While making "Matkailua Pelialalla" at sunday's, I struggled to make Lopunperä 3 at the same time. The old editor was retiring and decided to cut down the amount of pages by half, which seriously hurt the story. If I felt already before that this comic was doomed, now it felt like it was condemned to death.
Not surprisingly, the new editor appeared to me as a cynical career shark and bean counter who was not the kind of person who would give a shit on nurturing an unique, weird and long, expensive children's comic so naturally he replaced it with comics made by readers. Funnily I cannot even feel anger at him, because I felt it was simply something that could not be avoided, a natural and obvious move for a character like him to do so. So I went back to full-time job and finished Lopunperä 3 on a cliffhanger, hoping that some day I would somehow get to finish it.
Dream of being a fulltime comic book artist was over, but hey, I still could sacrifice my weekends and holidays as long as I took special care of not burning out. So, I continued the game industry comic while forming my own publishing house.
The thing you have to understand with modern, big publishing houses in finland (or anywhere) is that while they usually have been around for couple of decades, it is obvious that the people who originally formed them are not running them any more. Those who are left are usually bean counters who'se main job is to maintain their position at any cost. They are sometimes good with office politics, while having as much eye and sense for entertainment and culture as pocket calculator might have, on a very bad day. I have been around in entertainment industry just long enough to know, that even if they (by some mishap) think that you could be of some use to them, they would proceed to do every thing imaginable in order to royally shaft you, and since the market in Finland is so small, it's just not worth the pain.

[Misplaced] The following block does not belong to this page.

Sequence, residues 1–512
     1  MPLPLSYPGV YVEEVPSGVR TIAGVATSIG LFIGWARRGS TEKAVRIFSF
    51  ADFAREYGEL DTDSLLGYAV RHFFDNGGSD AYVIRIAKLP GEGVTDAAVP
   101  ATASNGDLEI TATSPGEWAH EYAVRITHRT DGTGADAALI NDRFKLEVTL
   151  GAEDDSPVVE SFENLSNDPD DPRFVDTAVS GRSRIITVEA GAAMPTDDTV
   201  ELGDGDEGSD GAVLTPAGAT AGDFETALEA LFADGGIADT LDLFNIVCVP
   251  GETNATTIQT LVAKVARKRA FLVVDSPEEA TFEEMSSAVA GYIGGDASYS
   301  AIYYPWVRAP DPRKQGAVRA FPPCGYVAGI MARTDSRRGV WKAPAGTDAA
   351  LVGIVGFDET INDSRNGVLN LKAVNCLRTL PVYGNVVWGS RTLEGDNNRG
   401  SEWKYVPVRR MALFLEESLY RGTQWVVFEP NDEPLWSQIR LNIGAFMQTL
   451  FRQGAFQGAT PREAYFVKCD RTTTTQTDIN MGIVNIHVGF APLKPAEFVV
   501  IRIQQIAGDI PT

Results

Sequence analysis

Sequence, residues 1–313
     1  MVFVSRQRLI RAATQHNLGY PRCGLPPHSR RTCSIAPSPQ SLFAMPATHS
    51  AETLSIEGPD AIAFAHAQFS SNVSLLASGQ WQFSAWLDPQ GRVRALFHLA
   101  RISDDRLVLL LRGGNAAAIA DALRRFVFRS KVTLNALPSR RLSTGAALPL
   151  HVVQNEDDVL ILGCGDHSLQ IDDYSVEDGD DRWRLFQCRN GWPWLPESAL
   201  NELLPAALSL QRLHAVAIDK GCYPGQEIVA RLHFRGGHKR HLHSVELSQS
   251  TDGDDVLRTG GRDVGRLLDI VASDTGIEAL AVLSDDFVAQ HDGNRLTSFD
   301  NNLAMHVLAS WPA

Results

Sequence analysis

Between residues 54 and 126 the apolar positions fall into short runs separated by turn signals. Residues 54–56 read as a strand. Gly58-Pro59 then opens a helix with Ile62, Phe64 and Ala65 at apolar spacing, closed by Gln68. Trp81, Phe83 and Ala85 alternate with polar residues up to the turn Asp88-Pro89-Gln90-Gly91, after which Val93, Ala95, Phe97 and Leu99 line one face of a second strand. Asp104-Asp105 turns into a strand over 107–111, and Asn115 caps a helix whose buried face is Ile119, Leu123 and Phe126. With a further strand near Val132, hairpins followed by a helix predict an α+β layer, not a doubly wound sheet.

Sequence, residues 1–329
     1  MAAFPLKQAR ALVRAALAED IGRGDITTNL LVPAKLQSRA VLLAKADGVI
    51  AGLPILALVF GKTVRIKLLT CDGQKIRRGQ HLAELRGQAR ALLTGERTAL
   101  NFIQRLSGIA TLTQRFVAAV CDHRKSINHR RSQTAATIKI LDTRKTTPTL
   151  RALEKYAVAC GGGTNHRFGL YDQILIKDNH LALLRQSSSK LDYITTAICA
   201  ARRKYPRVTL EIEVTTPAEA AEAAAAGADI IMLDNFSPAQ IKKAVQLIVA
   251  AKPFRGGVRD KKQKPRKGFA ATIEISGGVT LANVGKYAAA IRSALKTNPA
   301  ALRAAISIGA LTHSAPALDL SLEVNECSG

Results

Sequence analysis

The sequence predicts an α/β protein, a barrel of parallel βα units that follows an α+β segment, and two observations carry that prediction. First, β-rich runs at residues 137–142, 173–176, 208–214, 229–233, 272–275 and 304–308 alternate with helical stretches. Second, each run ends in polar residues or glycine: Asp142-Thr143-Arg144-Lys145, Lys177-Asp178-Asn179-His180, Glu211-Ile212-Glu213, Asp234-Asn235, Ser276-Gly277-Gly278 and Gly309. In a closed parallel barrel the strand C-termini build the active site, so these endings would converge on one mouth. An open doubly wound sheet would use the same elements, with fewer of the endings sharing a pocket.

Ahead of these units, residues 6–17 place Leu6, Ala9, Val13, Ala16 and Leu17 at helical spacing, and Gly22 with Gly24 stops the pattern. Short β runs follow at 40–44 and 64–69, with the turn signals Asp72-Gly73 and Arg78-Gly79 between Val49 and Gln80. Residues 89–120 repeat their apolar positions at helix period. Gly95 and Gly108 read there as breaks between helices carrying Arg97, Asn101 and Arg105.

This granted, there are also lot of fantastic, smaller comic book publishers, like Lempo, Asema, Huuda Huuda, Kreegah Bundolo and Arktinen Banaani, who all put out stuff that varies from interesting to absolutely fantastic, but they either are unable to pay any money, or are publishing stuff that is so different to what I make that there is just simply no point trying to offer them anything. It would be waste of time. I know it and they know it. So, Lehmäoja is born.